borne devices, most attacks are in combat zones and are not that well reported, particularly in Nigeria. However these consist of medium sized devices buried under the ground generally on roads, paths or other likely routes, which are either detonated remotely by the user or the victim.
Methods of Detonation: IEDs activate when a circuit is closed connecting a power source (electric or thermal) to the detonator which activates the explosive main charge. The most popular methods of detonation have been;
Suicide User operated: the user activates the device while it is in close proximity to themselves using an improvised electrical switch.
Thermally detonated devices: the device is activated using a fuse lit by a flame which burns down to the detonator, activating the device.
Victim Operated devices (VOIED): devices consist of a switch which is activated by the victim, examples include pressure plates, consisting of 2 flexible metal sheets separated by pieces of rubber slippers. These are generally buried beneath the ground and when pressure is applied the sheets make contact, closing an electrical circuit and activating the device.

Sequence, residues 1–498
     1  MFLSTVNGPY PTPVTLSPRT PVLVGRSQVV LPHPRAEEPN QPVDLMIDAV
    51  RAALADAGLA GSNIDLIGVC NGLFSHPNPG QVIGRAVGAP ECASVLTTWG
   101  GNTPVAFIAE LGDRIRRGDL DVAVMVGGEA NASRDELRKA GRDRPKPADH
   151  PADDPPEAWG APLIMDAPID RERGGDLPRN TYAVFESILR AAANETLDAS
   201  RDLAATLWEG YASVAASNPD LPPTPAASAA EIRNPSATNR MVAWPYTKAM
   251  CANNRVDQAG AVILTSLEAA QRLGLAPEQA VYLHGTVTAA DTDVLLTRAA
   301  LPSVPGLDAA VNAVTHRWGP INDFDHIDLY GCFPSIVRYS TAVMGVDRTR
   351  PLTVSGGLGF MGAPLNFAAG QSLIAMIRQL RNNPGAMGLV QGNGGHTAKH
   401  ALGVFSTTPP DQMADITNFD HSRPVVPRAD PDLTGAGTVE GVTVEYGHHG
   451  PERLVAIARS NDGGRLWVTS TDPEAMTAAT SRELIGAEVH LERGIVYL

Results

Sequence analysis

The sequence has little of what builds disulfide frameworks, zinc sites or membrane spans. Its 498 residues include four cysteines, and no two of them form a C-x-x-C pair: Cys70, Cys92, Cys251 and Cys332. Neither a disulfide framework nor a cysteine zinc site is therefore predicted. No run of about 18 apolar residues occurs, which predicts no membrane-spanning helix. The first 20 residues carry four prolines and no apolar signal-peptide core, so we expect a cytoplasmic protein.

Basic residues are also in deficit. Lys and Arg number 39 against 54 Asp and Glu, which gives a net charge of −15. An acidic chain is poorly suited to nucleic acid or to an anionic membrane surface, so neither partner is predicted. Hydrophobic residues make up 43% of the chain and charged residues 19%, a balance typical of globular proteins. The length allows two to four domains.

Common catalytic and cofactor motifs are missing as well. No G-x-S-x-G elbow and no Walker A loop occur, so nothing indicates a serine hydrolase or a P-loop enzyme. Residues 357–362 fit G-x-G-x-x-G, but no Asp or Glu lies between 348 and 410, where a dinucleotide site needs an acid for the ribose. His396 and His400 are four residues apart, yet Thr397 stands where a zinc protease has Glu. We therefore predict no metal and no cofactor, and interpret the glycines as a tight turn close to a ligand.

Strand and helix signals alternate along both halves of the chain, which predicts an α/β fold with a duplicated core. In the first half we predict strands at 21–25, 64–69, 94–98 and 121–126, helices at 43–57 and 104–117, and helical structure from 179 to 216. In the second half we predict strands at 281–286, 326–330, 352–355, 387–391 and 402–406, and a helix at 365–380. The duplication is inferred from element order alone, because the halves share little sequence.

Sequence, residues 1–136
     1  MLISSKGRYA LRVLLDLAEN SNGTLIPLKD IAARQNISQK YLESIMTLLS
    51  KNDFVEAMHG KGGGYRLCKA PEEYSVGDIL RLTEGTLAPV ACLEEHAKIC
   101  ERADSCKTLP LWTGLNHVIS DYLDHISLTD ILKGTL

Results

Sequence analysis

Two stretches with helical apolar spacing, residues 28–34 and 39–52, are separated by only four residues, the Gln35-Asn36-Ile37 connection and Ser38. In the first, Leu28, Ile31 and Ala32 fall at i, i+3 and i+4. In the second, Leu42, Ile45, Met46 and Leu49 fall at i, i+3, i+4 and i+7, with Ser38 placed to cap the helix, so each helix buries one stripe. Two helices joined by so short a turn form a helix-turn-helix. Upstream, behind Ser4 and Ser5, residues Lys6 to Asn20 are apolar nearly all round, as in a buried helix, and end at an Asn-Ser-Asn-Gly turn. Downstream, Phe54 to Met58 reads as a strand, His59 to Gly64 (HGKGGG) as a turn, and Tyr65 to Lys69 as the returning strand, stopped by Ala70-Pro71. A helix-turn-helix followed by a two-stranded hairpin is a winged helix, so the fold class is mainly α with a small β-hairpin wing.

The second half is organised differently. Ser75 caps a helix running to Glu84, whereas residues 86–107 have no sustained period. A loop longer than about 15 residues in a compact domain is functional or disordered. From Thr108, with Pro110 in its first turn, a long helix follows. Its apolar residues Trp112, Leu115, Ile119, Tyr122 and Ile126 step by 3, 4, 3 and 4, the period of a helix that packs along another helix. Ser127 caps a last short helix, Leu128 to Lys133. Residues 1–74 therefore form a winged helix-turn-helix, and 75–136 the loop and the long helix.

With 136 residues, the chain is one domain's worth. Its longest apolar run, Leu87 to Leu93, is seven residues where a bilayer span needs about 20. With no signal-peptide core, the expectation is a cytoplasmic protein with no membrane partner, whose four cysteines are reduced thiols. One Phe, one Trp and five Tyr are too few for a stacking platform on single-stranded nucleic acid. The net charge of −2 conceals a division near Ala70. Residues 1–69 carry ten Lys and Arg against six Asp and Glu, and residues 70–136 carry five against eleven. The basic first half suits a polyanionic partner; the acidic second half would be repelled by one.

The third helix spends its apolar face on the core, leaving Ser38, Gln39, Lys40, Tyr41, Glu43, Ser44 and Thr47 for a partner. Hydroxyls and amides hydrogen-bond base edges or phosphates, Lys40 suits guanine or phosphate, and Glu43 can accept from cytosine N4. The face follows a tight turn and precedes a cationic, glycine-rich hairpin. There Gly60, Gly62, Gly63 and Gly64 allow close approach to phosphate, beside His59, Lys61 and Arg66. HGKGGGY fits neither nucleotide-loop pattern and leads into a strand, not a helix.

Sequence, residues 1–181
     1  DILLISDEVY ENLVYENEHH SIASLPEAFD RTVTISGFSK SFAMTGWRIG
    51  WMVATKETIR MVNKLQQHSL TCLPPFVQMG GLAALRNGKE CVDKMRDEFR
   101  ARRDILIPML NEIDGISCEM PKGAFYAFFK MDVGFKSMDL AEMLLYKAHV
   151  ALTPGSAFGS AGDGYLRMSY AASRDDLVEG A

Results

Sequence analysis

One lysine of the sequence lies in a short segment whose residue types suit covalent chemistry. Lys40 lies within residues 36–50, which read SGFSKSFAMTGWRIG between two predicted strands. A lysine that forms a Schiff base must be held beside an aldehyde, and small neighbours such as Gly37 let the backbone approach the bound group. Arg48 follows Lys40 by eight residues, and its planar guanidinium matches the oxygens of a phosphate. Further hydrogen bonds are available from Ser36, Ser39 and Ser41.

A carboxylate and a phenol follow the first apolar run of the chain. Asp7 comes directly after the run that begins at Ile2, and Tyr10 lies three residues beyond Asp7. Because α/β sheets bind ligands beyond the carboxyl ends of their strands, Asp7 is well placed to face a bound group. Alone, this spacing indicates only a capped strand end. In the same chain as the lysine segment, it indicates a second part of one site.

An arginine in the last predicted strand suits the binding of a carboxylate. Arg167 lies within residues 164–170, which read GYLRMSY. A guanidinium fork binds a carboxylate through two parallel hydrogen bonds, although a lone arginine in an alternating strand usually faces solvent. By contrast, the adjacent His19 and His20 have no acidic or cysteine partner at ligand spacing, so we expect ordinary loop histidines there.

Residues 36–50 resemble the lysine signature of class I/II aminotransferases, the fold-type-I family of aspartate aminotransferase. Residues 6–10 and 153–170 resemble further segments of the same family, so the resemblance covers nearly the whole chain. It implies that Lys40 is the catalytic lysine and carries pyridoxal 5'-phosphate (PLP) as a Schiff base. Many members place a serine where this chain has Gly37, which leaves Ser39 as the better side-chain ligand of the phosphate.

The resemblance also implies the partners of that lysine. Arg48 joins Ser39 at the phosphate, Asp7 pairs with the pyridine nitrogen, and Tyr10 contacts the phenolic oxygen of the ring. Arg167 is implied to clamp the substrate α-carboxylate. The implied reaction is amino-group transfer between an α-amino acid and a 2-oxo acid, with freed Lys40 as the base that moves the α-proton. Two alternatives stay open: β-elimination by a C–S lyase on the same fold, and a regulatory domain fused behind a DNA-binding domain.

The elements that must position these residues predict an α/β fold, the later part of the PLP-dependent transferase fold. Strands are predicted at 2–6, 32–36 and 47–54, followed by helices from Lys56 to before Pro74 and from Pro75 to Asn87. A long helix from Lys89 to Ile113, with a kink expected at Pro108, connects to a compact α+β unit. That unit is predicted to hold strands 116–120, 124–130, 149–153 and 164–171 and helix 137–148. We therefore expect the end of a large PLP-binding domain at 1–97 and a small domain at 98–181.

Timed: devices are activated by mechanical, electrical or improvised timers
Remote User Operated: devices are activated remotely by wireless device such as a mobile phone or an electric cable connecting the device with the user who is a safe distance away.
Improvised indirect fire weapons: these devices are propelled by the user at the victim, generally by explosive means.
IED factories: Between March 2015 and February 2016, security forces reported capturing 6 IED making facilities.
Most of these locations are to the east of the AO, surrounding Maiduguri in an arc running East to South;
March 2015-Buni Yadi, Gujba LGA, Yobe State
July 2015- Faljari, Dikwa LGA, Borno State
August 2015- Dikwa, Dikwa LGA, Borno State
August 2015- Miyati and Nyaleri, Damboa LGA, Borno State
September 2015-Awaisari, Jere LGA, Borno State
November 2015- Gonin Kurmi, Bama LGA, Borno State
February 2016- Ngoshe, Gwoza LGA, Borno State
Targets: the enemies’ main targets have been crowded public places of which markets and mosques are the most numerous. A large number of devices detonated at checkpoints guarding the approaches to towns, mosques or markets and most devices appear to have been activated remotely or by the users upon detection.